The Thirteenth Article of Faith

The final clause in the Mormon Articles of Faith reads, “We believe in being honest, true, chaste, benevolent, virtuous, and in doing good to all men; indeed, we may say that we follow the admonition of Paul—We believe all things, we hope all things, we have endured many things, and hope to be able to endure all things. If there is anything virtuous, lovely, or of good report or praiseworthy, we seek after these things.” Those ideologies mentioned certainly generate behavior by which everyone should abide. Honesty is imperative in the pursuit and presentation of truth. It can also lead to exposing error and deception. This is why it is somewhat ironic that a religion with a controversial history and disregard for Bible authority would tout such an attribute as the conclusion of its faith-based statements. A considerable amount of the duplicity of the works of Mormonism when compared to the infallible Bible has been discussed throughout this series. Yet there is one more compelling piece of evidence (and perhaps the most convincing) that challenges the honesty and integrity of the LDS Church. That proof comes by way of their numerous prophecies that have utterly failed.
Moses asks a relevant question pertaining to prophecy by writing, “…How shall we know the word which the Lord hath not spoken?” (Deut. 18:21) In other words, how will we know if what someone says is true or false? He then answers it, “When a prophet speaketh in the name of the Lord, if the thing follow not, nor come to pass, that is the thing which the Lord hath not spoken, but the prophet hath spoken it presumptuously: thou shalt not be afraid of him” (Deut. 18:22) In short, if someone gives an accurate prophecy, they may be trusted. If not, then they expose themselves as fraudulent.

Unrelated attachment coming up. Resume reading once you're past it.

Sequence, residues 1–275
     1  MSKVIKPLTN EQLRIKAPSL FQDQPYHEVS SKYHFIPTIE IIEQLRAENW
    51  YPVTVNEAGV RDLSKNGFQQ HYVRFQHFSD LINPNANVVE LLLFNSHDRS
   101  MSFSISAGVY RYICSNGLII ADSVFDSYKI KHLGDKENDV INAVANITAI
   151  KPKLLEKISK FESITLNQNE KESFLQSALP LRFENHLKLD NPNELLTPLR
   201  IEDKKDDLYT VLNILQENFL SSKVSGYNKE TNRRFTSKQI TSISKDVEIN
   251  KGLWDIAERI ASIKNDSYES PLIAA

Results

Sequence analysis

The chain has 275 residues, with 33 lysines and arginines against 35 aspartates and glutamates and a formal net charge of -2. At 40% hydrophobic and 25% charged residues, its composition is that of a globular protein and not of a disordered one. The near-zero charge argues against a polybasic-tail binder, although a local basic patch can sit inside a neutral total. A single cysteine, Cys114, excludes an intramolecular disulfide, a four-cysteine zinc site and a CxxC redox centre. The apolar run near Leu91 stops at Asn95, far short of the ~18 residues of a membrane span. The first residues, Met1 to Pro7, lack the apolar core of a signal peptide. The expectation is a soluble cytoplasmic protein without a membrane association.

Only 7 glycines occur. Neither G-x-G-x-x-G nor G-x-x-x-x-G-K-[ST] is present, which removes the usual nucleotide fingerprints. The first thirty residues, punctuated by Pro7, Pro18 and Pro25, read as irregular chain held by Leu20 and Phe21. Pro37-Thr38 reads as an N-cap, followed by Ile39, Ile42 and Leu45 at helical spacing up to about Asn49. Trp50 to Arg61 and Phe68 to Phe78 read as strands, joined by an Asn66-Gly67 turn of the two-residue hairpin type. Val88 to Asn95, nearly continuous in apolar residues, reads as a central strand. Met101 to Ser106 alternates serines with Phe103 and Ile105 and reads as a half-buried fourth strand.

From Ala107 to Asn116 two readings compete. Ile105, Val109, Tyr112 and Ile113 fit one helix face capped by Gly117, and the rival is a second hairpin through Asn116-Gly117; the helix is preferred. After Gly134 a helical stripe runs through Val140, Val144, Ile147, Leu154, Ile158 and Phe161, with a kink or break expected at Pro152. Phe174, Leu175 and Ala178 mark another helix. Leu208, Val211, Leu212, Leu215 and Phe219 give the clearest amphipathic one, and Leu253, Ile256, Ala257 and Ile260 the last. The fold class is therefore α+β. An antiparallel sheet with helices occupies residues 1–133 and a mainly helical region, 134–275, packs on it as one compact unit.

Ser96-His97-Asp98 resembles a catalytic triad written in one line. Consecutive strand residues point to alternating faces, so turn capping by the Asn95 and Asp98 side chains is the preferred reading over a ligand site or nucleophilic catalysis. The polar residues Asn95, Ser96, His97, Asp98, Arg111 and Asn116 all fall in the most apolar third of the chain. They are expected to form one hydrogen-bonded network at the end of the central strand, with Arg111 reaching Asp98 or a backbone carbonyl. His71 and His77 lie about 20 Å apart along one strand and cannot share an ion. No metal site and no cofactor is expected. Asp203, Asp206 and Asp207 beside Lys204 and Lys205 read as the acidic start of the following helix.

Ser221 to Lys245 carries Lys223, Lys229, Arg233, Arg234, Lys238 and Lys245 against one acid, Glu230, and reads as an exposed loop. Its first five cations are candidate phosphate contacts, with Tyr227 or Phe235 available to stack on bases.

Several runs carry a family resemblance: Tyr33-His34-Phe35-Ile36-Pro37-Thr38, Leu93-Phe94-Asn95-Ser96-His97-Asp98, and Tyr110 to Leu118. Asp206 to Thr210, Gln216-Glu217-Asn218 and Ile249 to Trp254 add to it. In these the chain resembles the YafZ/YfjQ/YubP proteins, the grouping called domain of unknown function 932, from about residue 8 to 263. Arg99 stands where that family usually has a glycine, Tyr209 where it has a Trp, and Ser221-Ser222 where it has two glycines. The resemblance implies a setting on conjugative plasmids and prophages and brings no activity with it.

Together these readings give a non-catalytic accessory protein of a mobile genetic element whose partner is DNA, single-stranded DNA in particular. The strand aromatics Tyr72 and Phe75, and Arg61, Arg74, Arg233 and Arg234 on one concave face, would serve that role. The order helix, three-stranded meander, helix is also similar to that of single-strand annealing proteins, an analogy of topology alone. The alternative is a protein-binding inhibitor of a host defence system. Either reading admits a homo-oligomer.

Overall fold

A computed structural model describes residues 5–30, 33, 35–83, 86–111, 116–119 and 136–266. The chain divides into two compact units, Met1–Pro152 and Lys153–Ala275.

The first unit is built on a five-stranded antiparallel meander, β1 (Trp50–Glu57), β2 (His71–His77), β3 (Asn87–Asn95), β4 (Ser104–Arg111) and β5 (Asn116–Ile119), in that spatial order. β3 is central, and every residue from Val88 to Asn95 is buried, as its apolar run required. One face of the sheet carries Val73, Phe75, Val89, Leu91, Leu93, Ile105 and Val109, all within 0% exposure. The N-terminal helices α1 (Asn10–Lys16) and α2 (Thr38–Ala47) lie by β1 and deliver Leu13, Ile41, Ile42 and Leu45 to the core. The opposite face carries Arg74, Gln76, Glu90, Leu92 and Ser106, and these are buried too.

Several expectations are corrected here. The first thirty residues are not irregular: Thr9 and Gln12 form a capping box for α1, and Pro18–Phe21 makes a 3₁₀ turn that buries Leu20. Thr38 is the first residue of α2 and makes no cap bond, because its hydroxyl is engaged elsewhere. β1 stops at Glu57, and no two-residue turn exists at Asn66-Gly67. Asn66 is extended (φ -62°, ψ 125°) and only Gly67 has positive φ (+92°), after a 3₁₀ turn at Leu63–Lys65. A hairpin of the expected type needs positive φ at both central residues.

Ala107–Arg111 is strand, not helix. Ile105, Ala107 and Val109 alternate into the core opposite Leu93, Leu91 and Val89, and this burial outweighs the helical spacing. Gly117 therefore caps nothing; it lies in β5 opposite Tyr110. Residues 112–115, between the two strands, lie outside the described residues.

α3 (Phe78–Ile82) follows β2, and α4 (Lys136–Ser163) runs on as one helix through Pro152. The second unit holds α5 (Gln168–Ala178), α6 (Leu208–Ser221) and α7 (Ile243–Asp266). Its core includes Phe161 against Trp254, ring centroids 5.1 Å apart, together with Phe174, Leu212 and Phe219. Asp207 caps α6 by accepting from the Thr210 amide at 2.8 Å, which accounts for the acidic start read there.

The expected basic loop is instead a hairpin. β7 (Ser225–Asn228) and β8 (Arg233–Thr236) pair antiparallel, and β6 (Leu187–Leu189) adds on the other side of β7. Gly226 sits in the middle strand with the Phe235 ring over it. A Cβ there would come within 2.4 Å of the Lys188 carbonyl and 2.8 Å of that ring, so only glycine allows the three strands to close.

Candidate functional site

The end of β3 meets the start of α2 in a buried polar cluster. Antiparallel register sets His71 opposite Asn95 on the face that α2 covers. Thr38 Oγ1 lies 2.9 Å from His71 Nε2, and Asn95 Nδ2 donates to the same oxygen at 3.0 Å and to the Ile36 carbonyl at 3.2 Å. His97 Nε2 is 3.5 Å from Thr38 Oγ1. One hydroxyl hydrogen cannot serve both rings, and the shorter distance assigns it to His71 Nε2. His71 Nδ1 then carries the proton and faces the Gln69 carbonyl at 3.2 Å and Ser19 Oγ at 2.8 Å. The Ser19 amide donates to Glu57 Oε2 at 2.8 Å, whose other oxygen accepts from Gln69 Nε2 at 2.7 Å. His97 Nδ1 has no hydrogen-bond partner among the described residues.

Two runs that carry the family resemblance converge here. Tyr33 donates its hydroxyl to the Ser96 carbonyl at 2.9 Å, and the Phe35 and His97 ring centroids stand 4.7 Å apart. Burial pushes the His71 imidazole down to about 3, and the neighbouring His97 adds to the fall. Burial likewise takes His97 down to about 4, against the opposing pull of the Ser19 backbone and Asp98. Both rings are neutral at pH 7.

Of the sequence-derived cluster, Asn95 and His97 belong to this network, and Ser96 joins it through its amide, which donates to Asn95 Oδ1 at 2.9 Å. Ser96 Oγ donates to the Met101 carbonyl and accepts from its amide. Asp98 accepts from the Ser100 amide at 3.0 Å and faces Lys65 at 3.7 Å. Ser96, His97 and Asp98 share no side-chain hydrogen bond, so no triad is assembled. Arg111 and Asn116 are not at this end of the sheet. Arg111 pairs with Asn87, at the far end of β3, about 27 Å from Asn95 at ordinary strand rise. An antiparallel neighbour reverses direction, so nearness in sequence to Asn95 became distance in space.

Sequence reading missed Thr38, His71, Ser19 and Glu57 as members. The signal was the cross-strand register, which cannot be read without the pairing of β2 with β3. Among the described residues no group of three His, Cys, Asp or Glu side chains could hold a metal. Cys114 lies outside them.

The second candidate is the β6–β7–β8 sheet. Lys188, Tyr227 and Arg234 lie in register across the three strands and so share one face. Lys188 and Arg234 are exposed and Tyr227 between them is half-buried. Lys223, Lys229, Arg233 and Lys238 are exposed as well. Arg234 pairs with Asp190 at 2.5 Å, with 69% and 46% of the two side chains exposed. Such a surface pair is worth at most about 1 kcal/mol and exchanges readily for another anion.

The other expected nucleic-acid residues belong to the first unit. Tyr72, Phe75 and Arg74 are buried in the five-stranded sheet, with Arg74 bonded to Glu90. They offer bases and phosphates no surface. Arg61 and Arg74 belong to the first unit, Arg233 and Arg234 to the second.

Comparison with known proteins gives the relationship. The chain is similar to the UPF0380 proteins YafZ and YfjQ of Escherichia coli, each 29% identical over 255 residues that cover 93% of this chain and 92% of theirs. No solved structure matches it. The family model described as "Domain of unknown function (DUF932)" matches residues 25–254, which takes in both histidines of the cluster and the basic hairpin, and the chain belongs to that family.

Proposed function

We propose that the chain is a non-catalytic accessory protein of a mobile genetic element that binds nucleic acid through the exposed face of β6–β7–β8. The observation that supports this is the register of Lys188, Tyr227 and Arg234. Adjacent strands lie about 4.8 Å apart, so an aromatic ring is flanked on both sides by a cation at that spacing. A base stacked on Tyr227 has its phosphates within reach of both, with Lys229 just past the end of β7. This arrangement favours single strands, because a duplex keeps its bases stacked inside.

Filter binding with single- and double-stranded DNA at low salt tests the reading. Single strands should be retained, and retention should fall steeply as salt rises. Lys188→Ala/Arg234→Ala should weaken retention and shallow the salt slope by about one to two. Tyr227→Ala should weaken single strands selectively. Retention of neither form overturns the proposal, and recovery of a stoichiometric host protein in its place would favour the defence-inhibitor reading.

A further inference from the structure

In 1969, a scientist named Peter Stoner wrote an article in the magazine Science Speaks in which he examined the validity of Bible prophecy. He first took eight prophecies as recorded in the Old Testament and wrote,

We find that the chance that any man might have lived down to the present time and fulfilled all eight prophecies is 1 in 10 to the 17th power…take 10 to the 17th power silver dollars and lay them on the face of Texas. They will cover all of the state two feet deep. Now mark one of these silver dollars and stir the whole mass thoroughly, all over the state. Blindfold a man and tell him that he can travel as far as he wishes, but he must pick up one silver dollar and say that this is the right one. What chance would he have of getting the right one? Just the same chance that the prophets would have had of writing these eight prophecies and having them all come true in any one man.

Stoner then considered 48 prophecies and writes, “We find the chance that any one man fulfilled all 48 prophecies to be one in ten to the 157th power…” Those are certainly staggering odds. But ponder that there were over two hundred prophecies in the Old Testament that happened exactly when, how, and where the prophet said they would. Every one of them was fulfilled (33 in one day)! No other book of religious antiquity provides such explicit prophecies with precise results. However, it does not take long to see how Mormon prophets have fallen short.

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